See Missing children and young people - procedure for actions that must be undertaken.
If a missing persons report, Children’s Court search warrant, or missing persons media release is required please follow Missing persons report - advice, Missing persons report - procedure, Publication of identifying details - advice and Publication of identify details - procedure.
In addition to the responses to missing behaviour (seeking a warrant and making a missing person’s report to police) there must be an assessment of the child’s missing behaviour.
Children known to child protection and community service organisations (CSOs) or Aboriginal Community Controlled Organisations (ACCOs) may engage in high risk behaviours including going missing. These behaviours, along with their personal histories of trauma can place children at increased risk of further harm. Children can have chronic missing episodes that vary in duration. Never assume that a child who has repeated episodes of missing but always returns to placement decreases the risk; in fact, at times this is evidence of increasing risk. Every episode of missing should be assessed, considered independently and cumulatively, and treated as a serious event. ‘These behaviours…should be understood as an attempt to cope with stress which requires a therapeutic response from professionals’ (Jackson, A. (2014), Literature review: Young people at high risk of sexual exploitation, absconding, and other significant harms, Melbourne: Berry Street Childhood Institute, p 42).
A child or young person is missing when:
- The child or young person's whereabouts are unknown.
A child or young person is absent when:
- The child or young person's whereabouts are known but their absence is not approved.
For the purpose of this advice, the term ‘missing’ includes when the child is absent. In either scenario, an assessment of risk is essential to determine the appropriate response.
Where a young person enters care or commences a new placement, and there are identified risk issues related to missing behaviour, consider exploring the following questions with the care team and the young person to gather information that may help decrease the likelihood of future missing episodes. It is important to include the young person in elements of these discussions as young people are often able to identify some of the triggers, thoughts and feelings that impact on their behaviour and reflect on the effectiveness of response strategies.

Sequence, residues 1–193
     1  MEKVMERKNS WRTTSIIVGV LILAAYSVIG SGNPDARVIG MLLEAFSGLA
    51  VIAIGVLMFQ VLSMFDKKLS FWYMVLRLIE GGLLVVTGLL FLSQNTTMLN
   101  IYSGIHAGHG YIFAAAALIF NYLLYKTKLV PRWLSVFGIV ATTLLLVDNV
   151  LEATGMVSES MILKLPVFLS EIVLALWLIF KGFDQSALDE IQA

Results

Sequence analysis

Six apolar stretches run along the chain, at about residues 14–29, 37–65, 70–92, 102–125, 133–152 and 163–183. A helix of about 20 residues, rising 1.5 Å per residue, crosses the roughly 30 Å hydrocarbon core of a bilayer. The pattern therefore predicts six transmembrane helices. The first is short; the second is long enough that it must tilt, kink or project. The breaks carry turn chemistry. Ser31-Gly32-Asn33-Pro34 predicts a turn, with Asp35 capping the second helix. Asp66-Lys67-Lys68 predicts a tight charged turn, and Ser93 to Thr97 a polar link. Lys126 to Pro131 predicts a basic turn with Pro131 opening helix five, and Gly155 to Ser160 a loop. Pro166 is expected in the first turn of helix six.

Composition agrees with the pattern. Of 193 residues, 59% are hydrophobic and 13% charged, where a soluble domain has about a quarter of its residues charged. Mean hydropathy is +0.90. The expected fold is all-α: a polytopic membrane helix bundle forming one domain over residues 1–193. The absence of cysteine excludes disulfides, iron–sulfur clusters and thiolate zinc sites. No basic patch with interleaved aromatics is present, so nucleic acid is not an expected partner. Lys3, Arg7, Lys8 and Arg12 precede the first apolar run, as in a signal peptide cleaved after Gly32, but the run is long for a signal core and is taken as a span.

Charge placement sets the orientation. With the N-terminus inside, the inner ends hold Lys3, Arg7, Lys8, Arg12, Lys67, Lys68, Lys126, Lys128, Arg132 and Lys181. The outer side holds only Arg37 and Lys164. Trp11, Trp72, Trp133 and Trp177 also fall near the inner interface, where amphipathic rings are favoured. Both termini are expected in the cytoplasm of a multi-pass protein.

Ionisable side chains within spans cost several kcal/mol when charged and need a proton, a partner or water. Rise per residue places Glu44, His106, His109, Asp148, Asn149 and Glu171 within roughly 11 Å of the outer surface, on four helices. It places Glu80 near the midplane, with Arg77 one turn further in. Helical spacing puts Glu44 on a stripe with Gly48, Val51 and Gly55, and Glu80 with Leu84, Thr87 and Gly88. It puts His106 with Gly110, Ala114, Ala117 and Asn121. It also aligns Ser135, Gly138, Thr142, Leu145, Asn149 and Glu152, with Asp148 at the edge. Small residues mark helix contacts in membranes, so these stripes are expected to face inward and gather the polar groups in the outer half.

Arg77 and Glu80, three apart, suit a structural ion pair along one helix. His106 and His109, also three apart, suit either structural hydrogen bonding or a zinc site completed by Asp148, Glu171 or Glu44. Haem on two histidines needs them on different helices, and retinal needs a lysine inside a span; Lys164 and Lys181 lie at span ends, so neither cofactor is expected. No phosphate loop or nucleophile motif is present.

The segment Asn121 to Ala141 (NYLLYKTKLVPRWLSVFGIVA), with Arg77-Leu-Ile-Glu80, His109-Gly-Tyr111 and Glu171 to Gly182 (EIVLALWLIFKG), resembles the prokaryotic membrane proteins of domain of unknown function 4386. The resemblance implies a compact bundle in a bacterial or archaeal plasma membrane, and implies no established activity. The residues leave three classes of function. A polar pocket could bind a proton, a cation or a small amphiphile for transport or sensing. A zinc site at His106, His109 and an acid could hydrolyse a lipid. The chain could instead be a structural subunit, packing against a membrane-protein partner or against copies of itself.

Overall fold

- Does the child or young person associate with peers who have a history of repeatedly going missing? Have previous responses been effective?
- Does the young person have a history of police intervention for missing or other behaviour?
- Does the child or young person have a known or suspected history or current concerns in relation to sexual abuse, sexual exploitation, mental health, family violence drug and alcohol abuse or cultural disconnection?
- Is the child or young person engaged with education?
- Has the young person had previous difficulties with care environments (including not feeling safe, relationship difficulties with other residents or staff)?
- Are there any immediate concerns for the young person fitting in with the culture of the current care provider?
- What can be done to help create a placement for the child that makes them feel safe and comfortable?
- Is the young person aware of what happens if they go missing (i.e a warrant may be applied for, media alert issued)
- Does the young person have a curfew? Are there identified protective factors that will increase the likelihood of the young person meeting their curfew? What can the care team to do help support the young person stick to their curfew?
Strength based responses to the child’s missing behaviours and strategies for prevention should be documented in any safety plans, behaviour support plans, and, where the child is in care, the LAC records and Care and Placement Plan.
Understanding and making an assessment of every missing episode is important. Critical reflection following each missing episode helps build an understanding of the behaviour and the potential responses to it.
The following should be considered when making an assessment about an episode of missing:
- Is the child ‘missing’? What is known about the child’s whereabouts, are the circumstances are out of character, or is there evidence to suggest the child may be the subject of a crime or at risk of harm to themselves or others.
- What is this evidence? Why is the child considered to be at increased risk?
- Is the child or young person ‘absent’? Their whereabouts are known, but they are not at a place where they are expected to be and where the circumstances and context suggest a lower level of risk.
- Is the child refusing to return after contact with a family member?
- Is communication occurring with the child to negotiate a return home?